62. A 2007 CDC review of benzene toxicity concluded that there is substantial human evidence that benzene causes leukemia. It also reports aplastic anemia (a precursor of leukemia), chromosomal abnormalities in lymphocytes and bone marrow cells, damage to the immune system and abnormal development of blood cells. When blood cells are deficient, this can cause other serious medical conditions, including infection due to a lack of leukocytes and increased cardiac stress due to a lack of erythrocytes. Long term low level oral and inhalation exposures have also caused peripheral nervous system abnormalities, distal neuropathy, difficulty sleeping and memory loss.

84. On many occasions, the defendants have spent decades fighting lengthy appeals that bled the victims dry in legal costs. The culture of impunity include but not limited to the following: refusal to comply with a 2006 Judgment in which the defendants were ordered to pay $1.5bn in damages to the Ijaw communities of Bayelsa State. Since 2005, refusal to comply with another court order to end gas flaring in the Iwherekan community. The Ejama Ebubu community has waited more than 40 years for Shell to clean an oil spill from 1970.

124. The acts described herein constitute cruel, inhuman or degrading treatment in violation of the Alien Tort Claims Act, customary international law, the common law of the United States, the statutes and common law of Michigan, the laws of Nigeria, and the international treaties, agreements, conventions and resolutions described herein.

129. Defendants engaged in conduct so reckless, wilful, wanton and in such utter and flagrant disregard for the safety and health of the public and the environment in their activities leading up to the Spill, as alleged herein, that an award of punitive damages against them at the highest possible level is warranted and necessary to impose effective and optimal punishment and deterrence. Plaintiffs, society and the environment cannot afford and should never be exposed to the risks of continuing spill that has not been abated and all of which were caused by the by Defendants’ misconduct herein.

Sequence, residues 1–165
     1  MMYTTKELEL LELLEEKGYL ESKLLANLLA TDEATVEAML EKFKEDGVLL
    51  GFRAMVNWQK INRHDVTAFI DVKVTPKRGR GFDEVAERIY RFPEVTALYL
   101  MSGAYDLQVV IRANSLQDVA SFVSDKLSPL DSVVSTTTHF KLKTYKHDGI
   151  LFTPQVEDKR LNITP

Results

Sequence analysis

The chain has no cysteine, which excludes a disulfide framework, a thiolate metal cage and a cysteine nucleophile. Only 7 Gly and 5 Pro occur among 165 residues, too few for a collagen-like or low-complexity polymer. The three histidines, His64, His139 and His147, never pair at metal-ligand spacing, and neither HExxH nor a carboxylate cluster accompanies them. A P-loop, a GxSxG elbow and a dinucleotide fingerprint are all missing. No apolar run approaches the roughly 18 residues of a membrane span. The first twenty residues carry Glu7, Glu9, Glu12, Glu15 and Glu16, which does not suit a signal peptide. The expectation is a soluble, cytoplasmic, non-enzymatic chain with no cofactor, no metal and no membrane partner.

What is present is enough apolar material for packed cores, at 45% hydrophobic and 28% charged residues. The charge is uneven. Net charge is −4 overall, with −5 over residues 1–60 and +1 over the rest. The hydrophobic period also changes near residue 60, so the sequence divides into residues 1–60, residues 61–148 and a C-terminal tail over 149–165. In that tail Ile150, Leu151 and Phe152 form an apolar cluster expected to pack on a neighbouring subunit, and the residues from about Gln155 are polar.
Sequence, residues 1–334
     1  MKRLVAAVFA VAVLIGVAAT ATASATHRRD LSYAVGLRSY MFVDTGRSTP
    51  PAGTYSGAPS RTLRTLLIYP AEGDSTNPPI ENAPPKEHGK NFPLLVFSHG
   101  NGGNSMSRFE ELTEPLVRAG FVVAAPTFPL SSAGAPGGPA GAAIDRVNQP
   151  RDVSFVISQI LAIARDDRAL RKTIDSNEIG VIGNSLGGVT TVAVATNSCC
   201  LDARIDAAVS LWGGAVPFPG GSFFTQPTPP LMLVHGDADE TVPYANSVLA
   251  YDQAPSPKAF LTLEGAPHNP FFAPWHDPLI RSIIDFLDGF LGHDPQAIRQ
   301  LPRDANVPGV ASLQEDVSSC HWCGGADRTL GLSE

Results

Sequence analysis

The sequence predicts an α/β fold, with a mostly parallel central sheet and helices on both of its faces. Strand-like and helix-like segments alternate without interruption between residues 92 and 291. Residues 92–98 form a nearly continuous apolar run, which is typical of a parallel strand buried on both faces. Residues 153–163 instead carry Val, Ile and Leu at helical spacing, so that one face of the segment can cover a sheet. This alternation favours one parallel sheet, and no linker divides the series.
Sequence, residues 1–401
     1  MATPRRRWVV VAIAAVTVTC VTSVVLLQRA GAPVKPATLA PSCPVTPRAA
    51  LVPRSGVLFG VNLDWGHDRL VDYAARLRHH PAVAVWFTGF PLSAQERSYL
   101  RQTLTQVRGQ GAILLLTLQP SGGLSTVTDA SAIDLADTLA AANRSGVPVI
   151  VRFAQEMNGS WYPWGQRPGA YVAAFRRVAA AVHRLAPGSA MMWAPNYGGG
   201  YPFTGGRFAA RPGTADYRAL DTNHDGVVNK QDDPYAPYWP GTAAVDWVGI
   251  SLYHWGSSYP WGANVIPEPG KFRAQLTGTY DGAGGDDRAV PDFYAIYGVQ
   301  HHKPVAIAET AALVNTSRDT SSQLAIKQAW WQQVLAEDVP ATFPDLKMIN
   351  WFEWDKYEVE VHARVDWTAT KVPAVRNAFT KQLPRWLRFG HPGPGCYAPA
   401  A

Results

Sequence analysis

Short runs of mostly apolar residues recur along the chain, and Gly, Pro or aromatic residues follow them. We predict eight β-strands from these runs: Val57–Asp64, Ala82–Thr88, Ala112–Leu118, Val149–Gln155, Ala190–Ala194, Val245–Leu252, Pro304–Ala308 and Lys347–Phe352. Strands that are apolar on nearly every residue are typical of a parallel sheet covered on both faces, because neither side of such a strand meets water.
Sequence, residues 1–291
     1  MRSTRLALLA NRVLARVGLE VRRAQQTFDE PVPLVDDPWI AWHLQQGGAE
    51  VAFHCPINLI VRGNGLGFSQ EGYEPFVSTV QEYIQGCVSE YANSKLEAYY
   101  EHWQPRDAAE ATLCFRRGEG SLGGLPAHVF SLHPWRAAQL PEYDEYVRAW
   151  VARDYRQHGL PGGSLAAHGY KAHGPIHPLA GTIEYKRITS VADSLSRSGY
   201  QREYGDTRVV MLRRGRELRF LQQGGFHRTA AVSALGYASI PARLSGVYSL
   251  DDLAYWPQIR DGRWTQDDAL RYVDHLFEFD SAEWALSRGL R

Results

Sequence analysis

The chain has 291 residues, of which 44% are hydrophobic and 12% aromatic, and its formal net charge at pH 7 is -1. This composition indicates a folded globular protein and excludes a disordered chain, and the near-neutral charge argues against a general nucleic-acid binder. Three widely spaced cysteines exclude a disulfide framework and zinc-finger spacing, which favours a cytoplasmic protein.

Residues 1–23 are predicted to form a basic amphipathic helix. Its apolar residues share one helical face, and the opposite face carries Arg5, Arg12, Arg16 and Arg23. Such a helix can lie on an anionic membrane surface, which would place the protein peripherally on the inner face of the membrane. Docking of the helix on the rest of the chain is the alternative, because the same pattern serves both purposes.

130. The Defendant’s corporate culture caused and allowed it to disregard the lessons it should have learned and applied from previous incidents; instead, it continued to place others at risk in the interests of cost-cutting and financial gain.

133. Defendants’ conduct, as described more fully hereinabove, is at the highest level of reprehensibility, warranting and necessitating the imposition of punitive damages at the highest level, because Defendants’ conduct was motivated by financial gain; because it endangered human and environmental health and safety; because it caused devastating damage and loss to the livelihoods, businesses, and properties of Plaintiffs; because it is not isolated or accidental, but part of a culture and ongoing pattern of conduct that consistently and repeatedly ignored risks to others in favor of financial advantage to Defendants; and because it has accordingly caused societal harm, moral outrage and condemnation, and the need to punish Defendants and deter further repetition by Defendants or others.